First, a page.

One of the key moments in the life of Anthony was his desire for martyrdom. In the year 311, Christians were being persecuted in Alexandria. Anthony went there and began preaching the word of God in open defiance of the rules of the authorities. However, despite his efforts, Anthony was not murdered for his faith (Saint Anthony of Egypt, n.d).

Anthony made many contributions to the Christian religion. For instance, he preached against Arianism which was a type of Christianity that made separated God from Jesus (Gregg, 1980). Furthermore, Anthony inspired many individuals to try and attain the same level of spiritual connection and devotion that he had through the practice of asceticism. Anthony underwent horrible treatment, but through Gods guidance, he led a spiritually fruitful life. Also, he redefined the practice of asceticism.

Bibliography

Gregg, R. C. (1980). The life of Antony and the letter to Marcellinus. New York: Paulist Press.

Saint Anthony of Egypt. (n.d). Encyclopedia Britannica. Retrieved June 10, 2017 from https://www.britannica.com/biography/Saint-Anthony-of-EgyptAugustine the Great (354-430)

Notable Contributions to Christianity

Augustine contributed to the church through the development of Christian philosophy on subjects such as eternal truths, Creation Ex Nihilo, divine illumination, and ontological arguments.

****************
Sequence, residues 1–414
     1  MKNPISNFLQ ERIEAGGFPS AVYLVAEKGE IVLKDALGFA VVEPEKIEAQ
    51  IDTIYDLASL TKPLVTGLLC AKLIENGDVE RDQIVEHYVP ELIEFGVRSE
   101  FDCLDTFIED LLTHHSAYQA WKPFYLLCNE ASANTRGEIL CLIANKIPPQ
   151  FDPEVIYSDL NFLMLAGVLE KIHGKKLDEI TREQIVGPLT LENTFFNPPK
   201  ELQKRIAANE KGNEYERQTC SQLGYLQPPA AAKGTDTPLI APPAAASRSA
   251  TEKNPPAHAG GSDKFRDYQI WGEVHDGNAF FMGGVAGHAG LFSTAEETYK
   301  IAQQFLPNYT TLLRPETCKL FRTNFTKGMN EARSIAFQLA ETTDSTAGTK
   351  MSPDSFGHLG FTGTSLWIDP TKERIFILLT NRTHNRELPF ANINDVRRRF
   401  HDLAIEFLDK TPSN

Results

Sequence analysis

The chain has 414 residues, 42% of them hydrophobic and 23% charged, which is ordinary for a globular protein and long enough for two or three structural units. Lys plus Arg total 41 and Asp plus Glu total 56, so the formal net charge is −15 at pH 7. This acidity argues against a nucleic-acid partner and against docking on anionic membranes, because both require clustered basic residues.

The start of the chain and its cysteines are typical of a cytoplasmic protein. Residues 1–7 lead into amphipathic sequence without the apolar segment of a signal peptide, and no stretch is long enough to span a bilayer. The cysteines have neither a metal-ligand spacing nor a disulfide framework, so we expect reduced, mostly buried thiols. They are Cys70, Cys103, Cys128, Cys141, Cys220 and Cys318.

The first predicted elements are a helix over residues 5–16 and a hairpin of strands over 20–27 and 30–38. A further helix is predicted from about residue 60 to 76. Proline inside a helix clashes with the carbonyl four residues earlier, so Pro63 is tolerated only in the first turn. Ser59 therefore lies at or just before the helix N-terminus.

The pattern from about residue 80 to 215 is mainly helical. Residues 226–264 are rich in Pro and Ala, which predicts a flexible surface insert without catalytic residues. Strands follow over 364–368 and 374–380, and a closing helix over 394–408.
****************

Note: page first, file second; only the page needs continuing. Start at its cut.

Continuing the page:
Region Lived and Served

Augustine was born in Tagaste, Algeria. He studied in Madauros and Cathage. He also served as a philosopher in Cathage. He became a clergyman in Milan before returning to Algeria to preach (ODonnell, 2017).

Relevant Background Information

Augustine the Great was born in the year 354 in modern day Algeria. He lived for 76 years before dying in the year 430. Augustine is considered to be one of the greatest thinkers in the history of Christian scholars. Furthermore, Augustine was very skilled in prose and literary works. Some of his famous writings include City of God and Confessions (ODonnell, 2017).

Augustine was born in a Roman community in Tagaste. His parents were prominent individuals in their society, and this allowed them to give him education from reputable institutions in Madauros and Carthage. Even though Augustine had envisioned himself in a career of teaching or politics, he found himself becoming a clergyman.